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The role of the press in Iraq's long struggle for democratic reform

Isakhan, Benjamin 2007, The role of the press in Iraq's long struggle for democratic reform, in OURMedia - NUESTROSMedios VI 2007 : Sustainable futures, roles and challenges for community, alternative and citizens's media in the 21st century : Proceedings of the 2007 International Conference, University of Western Sydney, New South Wales, The Conference, [Sydney, N.S.W.], pp. 1-33.

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Title The role of the press in Iraq's long struggle for democratic reform
Author(s) Isakhan, Benjamin
Conference name OURMedia - NUESTROSMedios. Conference (VI : 2007 : Sydney, N.S.W.)
Conference location Sydney, N.S.W.
Conference dates 9-13 Apr. 2007
Title of proceedings OURMedia - NUESTROSMedios VI 2007 : Sustainable futures, roles and challenges for community, alternative and citizens's media in the 21st century : Proceedings of the 2007 International Conference, University of Western Sydney, New South Wales
Editor(s) [Unknown]
Publication date 2007
Conference series Our Media Conference
Start page 1
End page 33
Publisher The Conference
Place of publication [Sydney, N.S.W.]
Summary The toppling of Saddam in 2003 has seen Iraq shift from only a handful of state organs that served as propaganda machines, to a wealth of over 200 Iraqi-owned newspapers which are being fervently produced and avidly read on the streets of the nation. This paper traces the introduction of the printing press to Iraq by the Ottomans and details both the periods where Iraq’s press was truly free and fostered the emergence of a civil society and democratic reforms and those where the Iraqi media was most restricted and did little else than praise the regime at hand. Following on, this paper reviews the developments since the fall of Saddam Hussein and, despite the extensive interference in Iraq’s media sector from the occupying forces, it concludes by arguing that these papers have been central to the re-emergence of an Iraqi public sphere which has openly debated and discussed the issues surrounding the nation’s shift from despotism to democracy.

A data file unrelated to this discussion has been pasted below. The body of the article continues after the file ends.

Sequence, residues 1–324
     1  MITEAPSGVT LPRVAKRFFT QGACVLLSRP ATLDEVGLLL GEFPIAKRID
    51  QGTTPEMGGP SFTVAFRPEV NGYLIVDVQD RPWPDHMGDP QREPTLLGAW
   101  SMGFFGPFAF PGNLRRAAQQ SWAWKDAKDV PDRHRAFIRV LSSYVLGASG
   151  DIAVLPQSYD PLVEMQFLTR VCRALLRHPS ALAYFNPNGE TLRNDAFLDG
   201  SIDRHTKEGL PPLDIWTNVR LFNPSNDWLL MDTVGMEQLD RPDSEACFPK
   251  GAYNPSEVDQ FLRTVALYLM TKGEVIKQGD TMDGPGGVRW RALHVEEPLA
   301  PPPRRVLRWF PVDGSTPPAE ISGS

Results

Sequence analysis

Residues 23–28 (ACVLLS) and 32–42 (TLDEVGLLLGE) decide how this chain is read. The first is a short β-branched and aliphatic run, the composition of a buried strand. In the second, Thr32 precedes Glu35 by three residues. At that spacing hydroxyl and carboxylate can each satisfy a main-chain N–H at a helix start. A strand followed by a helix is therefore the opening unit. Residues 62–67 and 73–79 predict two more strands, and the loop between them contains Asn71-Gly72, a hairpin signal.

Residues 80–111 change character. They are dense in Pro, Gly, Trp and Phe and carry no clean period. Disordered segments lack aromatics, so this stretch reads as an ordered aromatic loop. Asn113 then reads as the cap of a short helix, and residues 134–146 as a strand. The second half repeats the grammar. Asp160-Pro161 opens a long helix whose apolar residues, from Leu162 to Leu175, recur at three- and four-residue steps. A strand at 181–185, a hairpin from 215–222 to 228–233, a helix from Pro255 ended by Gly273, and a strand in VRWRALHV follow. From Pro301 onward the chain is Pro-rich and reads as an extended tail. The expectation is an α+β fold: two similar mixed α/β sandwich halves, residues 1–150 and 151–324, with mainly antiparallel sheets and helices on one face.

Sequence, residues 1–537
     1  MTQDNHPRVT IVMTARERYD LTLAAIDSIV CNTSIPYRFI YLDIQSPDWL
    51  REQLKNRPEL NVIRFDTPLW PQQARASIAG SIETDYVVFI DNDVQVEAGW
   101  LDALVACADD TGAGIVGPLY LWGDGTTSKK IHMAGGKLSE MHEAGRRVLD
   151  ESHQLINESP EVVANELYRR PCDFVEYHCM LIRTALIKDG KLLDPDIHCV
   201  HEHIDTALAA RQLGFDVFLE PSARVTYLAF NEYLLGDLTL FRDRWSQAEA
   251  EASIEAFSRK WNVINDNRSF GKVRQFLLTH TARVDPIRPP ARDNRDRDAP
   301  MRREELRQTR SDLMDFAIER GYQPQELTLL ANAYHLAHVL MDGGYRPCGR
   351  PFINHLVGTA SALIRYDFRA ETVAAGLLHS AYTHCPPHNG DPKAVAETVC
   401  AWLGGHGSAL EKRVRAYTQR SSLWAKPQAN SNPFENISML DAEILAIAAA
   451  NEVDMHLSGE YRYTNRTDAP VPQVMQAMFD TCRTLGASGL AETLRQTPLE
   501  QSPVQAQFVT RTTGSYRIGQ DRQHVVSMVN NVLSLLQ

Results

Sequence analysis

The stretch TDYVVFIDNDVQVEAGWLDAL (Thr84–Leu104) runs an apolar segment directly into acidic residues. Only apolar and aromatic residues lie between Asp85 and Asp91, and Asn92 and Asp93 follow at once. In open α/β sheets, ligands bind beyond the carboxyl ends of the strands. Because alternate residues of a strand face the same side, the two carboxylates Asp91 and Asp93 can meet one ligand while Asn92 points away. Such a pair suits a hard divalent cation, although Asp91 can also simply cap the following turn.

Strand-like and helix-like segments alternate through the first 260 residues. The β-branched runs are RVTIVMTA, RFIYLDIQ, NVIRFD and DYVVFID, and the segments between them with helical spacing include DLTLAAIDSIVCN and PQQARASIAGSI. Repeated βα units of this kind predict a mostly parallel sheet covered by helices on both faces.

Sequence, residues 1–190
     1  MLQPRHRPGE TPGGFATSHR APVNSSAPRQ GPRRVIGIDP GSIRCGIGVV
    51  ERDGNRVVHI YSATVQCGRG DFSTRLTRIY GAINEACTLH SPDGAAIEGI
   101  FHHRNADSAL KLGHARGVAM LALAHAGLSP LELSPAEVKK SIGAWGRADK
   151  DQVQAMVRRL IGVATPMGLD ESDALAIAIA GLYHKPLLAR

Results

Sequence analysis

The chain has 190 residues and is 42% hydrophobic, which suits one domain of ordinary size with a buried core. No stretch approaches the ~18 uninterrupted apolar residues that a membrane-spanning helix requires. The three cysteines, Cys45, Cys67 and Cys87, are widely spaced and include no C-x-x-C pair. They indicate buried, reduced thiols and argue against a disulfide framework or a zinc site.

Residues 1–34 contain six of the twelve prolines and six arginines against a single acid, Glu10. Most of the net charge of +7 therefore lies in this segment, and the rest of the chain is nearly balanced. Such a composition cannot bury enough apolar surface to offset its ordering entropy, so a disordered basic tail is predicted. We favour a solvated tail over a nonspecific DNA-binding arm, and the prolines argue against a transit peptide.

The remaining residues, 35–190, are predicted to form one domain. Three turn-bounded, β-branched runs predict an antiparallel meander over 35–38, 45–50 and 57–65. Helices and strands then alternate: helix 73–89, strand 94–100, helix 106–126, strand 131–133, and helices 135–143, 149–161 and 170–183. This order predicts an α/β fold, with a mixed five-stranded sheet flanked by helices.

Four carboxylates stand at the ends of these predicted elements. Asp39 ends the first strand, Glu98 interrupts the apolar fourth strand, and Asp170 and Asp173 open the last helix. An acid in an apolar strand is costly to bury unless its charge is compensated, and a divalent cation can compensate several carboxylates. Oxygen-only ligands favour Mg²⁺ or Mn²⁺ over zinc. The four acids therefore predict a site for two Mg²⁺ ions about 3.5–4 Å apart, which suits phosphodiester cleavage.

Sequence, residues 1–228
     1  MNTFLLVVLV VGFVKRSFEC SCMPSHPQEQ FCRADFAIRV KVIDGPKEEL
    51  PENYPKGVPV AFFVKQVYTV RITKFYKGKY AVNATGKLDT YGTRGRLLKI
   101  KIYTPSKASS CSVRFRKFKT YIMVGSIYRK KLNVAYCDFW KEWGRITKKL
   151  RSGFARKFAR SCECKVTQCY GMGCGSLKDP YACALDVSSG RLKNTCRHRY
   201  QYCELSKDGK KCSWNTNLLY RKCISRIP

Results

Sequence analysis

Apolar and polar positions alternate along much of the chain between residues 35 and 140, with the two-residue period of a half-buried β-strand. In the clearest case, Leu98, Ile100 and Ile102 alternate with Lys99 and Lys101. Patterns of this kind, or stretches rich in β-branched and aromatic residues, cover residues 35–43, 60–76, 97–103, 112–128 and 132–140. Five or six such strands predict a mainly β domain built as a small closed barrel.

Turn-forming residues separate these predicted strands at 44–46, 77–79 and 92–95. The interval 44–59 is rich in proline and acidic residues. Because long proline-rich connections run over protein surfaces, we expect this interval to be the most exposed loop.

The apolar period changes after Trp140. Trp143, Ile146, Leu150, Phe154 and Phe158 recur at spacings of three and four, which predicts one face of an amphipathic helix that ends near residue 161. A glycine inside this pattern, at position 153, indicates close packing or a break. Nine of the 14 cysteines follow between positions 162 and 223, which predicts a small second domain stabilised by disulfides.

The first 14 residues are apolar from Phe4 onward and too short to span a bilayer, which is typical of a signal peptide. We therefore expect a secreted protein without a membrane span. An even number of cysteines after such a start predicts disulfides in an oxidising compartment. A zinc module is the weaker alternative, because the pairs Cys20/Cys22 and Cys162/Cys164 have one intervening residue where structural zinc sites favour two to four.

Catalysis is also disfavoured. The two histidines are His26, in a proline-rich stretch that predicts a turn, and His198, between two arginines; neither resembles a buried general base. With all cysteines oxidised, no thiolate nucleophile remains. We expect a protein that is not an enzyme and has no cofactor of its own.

Notes
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Language eng
Field of Research 160899 Sociology not elsewhere classified
Socio Economic Objective 970116 Expanding Knowledge through Studies of Human Society
HERDC Research category E1.1 Full written paper - refereed
Copyright notice ©2007, OURMedia - NUESTROSMedios
Persistent URL http://hdl.handle.net/10536/DRO/DU:30033465

Document type: Conference Paper
Collections: Centre for Comparative Social Research
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Every reasonable effort has been made to ensure that permission has been obtained for items included in DRO. If you believe that your rights have been infringed by this repository, please contact drosupport@deakin.edu.au.